Factoring is a process by which an expression can be rewritten in the form of product of a number of expressions called as factors. Evidently the degree of the factors will be of lower compared to the original polynomial. Hence it provides an easier method of finding the roots of the polynomial by using the zero product property. A root means the value of the variable which makes the entire value of the polynomial expression as $0$.

A polynomial can be expressed in different forms. One of such forms is called as factored form. As a corollary of fundamental theorem of algebra, a polynomial of degree ‘$n$’ will be having ‘$n$’ number of factors.  Therefore a polynomial $p(x)$ of degree ‘$n$’ can be expressed in factored form as $p(x)$ = $a(x – x_1)(x – x_2) ….(x – x_n)$, where ‘$a$’ is a constant, which is also the leading coefficient of the polynomial. If the value of the variable equals any one the constants $x_1, x_2, … x_n$, then the value of the entire polynomial is $0$. Hence $x_1, x_2, … x_n$ are nothing but the roots of the polynomial. Some or all of the roots can also be imaginary. Also the real roots of a polynomial function are nothing but its $x$-intercepts.

A cubic polynomial is a polynomial in degree $3$. Hence will have three roots and also can be expressed in the factored form as $p(x)$ = $a(x – x_1)(x – x_2)(x – x_3)$.  The roots of a cubic polynomial have an interesting property that at least one of its roots will be real. This fact can be derived from the study of end behavior of a cubic polynomial. Since its degree is $3$ which is an odd number, the two ends of the graph of the polynomial will be in the opposite directions and obviously hence, the graph has to cross the x-axis at least one point at one point. 

There are many techniques of factoring a cubic polynomial and the correct method is selected by closely studying the given polynomial.  As we all know a quadratic can certainly be factored in different ways.  Hence it can be realized that if one factor is found by even by trial and error, the rest of the process becomes simple as the remaining factor has to be a quadratic.
This method of factoring a cubic polynomial is the easiest and quickest. Since there are usually four terms in a cubic polynomial regrouping into two binomials is simple. However, the scope of this method is limited because only very few cubic polynomials could possibly be suitably grouped. In other words, only in rare cases this method can be applied. We will understand this method and also its limitations when we work out some examples.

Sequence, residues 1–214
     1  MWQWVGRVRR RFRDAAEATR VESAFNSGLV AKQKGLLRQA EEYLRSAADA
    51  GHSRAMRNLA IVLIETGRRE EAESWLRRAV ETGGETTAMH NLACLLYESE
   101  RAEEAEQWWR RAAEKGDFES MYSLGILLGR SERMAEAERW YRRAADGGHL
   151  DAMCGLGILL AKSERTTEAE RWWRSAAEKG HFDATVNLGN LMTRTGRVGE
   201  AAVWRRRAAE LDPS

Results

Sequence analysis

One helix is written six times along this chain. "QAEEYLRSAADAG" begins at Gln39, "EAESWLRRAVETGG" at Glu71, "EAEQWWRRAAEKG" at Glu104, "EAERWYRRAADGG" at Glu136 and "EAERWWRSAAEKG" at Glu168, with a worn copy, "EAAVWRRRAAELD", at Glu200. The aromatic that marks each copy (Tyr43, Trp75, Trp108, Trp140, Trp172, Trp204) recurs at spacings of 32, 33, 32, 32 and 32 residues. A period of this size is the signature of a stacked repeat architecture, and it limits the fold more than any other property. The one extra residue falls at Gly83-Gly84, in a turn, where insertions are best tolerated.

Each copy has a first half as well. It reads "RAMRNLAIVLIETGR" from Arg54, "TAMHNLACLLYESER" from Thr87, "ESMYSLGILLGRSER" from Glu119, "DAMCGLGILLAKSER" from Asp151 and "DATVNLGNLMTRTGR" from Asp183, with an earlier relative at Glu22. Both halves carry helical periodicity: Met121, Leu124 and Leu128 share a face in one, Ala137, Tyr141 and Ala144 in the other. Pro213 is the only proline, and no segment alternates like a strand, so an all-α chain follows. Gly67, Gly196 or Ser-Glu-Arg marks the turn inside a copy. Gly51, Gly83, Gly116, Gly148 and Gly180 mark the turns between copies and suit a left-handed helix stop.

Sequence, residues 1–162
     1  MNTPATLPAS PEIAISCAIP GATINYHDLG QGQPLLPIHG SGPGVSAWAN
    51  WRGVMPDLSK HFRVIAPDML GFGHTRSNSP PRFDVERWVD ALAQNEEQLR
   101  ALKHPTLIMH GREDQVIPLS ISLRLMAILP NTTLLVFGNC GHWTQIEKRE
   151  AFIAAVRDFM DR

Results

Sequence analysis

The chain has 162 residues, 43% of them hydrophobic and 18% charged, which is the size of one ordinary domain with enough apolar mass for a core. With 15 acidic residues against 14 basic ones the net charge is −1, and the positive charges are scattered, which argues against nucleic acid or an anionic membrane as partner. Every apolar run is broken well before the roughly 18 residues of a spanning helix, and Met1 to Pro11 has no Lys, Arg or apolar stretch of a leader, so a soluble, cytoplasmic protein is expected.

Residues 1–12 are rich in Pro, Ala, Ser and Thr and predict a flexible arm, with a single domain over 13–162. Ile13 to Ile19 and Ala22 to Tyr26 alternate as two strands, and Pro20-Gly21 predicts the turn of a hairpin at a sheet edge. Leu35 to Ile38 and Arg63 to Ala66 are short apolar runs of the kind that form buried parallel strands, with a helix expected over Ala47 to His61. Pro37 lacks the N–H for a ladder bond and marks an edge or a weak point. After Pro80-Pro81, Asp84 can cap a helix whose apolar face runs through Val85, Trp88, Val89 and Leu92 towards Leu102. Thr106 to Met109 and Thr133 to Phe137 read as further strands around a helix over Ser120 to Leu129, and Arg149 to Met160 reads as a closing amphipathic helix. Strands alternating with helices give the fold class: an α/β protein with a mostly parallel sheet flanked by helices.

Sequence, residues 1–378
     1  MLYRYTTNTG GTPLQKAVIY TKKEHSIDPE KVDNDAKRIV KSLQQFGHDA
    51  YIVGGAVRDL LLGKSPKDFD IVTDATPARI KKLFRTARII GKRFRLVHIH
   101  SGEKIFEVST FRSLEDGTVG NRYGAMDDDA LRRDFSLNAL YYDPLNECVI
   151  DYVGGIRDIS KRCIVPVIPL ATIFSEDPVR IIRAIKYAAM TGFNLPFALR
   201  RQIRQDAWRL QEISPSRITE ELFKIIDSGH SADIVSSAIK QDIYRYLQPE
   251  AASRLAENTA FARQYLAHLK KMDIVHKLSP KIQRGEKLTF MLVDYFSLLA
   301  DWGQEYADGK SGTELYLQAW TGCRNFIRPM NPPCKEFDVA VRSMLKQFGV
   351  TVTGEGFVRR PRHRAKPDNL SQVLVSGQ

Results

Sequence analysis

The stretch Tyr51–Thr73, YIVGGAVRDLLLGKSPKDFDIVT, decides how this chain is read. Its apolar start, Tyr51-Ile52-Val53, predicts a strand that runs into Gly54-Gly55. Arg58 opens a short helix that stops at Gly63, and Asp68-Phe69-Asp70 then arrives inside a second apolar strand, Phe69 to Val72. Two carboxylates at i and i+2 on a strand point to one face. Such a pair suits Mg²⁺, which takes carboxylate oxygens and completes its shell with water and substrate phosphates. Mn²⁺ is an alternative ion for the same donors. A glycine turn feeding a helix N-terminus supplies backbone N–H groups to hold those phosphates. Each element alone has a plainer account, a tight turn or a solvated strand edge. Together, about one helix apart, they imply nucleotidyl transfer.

An immense help is extended by Rational Root theorem in finding the roots of a polynomial. It states that if a polynomial is in the form of
$p(x)$ = $a_n x^n + a_{n-1} x^{n-1} + a_{n-2} x^{n-2} + …… a_1 x + a_0$, then the possible rational roots are from all possible combinations of,

$\pm$ $\frac{a\ factor\ of\ a_0}{a\ factor\ of\ a_n}$ 

The theorem carefully uses the term ‘possible rational roots’. Hence it is not necessary that all the combinations of this ratio will work. Also if, none of the combinations works, then the conclusion is either the roots are irrational or imaginary. 

Therefore, for a cubic polynomial we can find at least one possible rational root. Having done that, we come to know one factor of the polynomial. Then either by long division or synthetic division of the given polynomial by the known factor, we get the quotient in quadratic form. And the same can now be factored by regrouping or by using quadratic formula or by the method of completing square. 
Example 1: 

Factor the polynomial $2x^3 + 4x^2 – 8x - 16$


We can group the given cubic polynomial as $(2x^3 + 4x^2)\ –\ (8x + 16)$

Factoring each group $2x^2(x + 4)\ –\ 8(x + 2)$

Now using $(x + 4)$ as common factor, the factors are 

$(x + 2)(2x^2 – 8)$ = $2(x + 2)(x^2 – 4)$

                             = $2(x + 2)(x + 2)(x – 2)$

                             = $2(x+2)^2(x – 2)$

In this case the terms are such that we can easily figure out the common factors and group accordingly. 
Example 2:

Find the roots of the polynomial $x^3 - 2x^2 + 5x + 26$ and hence factor completely.


The roots of the given polynomial are the solutions of the polynomial equation $x^3 - 2x^2 + 5x + 26$ = $0$

We find there is no scope of grouping the terms to get common factors.  Hence let us use the rational root theorem. The possible rational roots are from all possible 
combinations of,

$\pm$ $\frac{a\ factor\ of\ 26}{a\ factor\ of\ 1}$

In other words the possible rational roots can be listed as, $\pm 1,\ \pm 2$ and $\pm 13$. Out of these, by trial and error we can see $x$ = $-2$ satisfies the equation $x^3 - 2x^2 + 5x + 26$ = $0$. Hence $-2$ is one of the roots of and hence $(x + 2)$ is a factor of the given polynomial. 

The quotient of  $\frac{2x^3 - 2x^2 + 5x + 26}{x + 2}$ is $(x^2 -4x + 13)$. Therefore, the remaining roots of the given polynomial are the solutions of the equation $x^2 -4x + 13$ = $0$. 

This is a quadratic which cannot be solved by factoring. Hence, let us use the method of completing square.

$x^2 - 4x + 13$ = $0$

$x^2 - 4x$ = $-13$

$x^2 - 4x + 4$ = $-13 + 4$ (Adding $4$ on both sides to complete the square on the left side)

$(x – 2)^2$ = $-9$

So, $x – 2$ = $\pm$ $\sqrt{(-9)}$ = $\pm\ (\sqrt9)(\sqrt{(-1)}$ = $\pm 3i$.

Therefore, $x$ = $2 + 3i$ and $x$ = $2 – 3i$.

Thus, the remaining two roots of the given polynomial are $(2 + 3i)$ and $(2 – 3i)$ and the remaining factors are $(x – 2 – 3i)$ and $(x – 2 +3i)$

So, the given polynomial $x^3 - 2x^2 + 5x + 26$  is completely factored as $(x + 2)(x – 2 – 3i)(x – 2 +3i)$